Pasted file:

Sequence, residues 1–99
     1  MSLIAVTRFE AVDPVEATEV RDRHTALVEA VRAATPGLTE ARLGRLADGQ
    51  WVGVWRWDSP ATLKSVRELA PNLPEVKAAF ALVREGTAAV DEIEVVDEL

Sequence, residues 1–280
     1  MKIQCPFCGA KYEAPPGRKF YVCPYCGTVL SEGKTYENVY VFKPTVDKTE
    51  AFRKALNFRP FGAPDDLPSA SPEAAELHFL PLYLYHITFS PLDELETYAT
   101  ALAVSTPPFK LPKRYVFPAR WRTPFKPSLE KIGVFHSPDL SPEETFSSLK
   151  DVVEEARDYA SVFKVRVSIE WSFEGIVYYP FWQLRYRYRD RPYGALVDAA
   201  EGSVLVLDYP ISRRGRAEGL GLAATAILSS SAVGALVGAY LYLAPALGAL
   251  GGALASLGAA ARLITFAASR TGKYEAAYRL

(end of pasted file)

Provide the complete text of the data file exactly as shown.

Sequence, residues 1–99
     1  MSLIAVTRFE AVDPVEATEV RDRHTALVEA VRAATPGLTE ARLGRLADGQ
    51  WVGVWRWDSP ATLKSVRELA PNLPEVKAAF ALVREGTAAV DEIEVVDEL

Sequence, residues 1–280
     1  MKIQCPFCGA KYEAPPGRKF YVCPYCGTVL SEGKTYENVY VFKPTVDKTE
    51  AFRKALNFRP FGAPDDLPSA SPEAAELHFL PLYLYHITFS PLDELETYAT
   101  ALAVSTPPFK LPKRYVFPAR WRTPFKPSLE KIGVFHSPDL SPEETFSSLK
   151  DVVEEARDYA SVFKVRVSIE WSFEGIVYYP FWQLRYRYRD RPYGALVDAA
   201  EGSVLVLDYP ISRRGRAEGL GLAATAILSS SAVGALVGAY LYLAPALGAL
   251  GGALASLGAA ARLITFAASR TGKYEAAYRL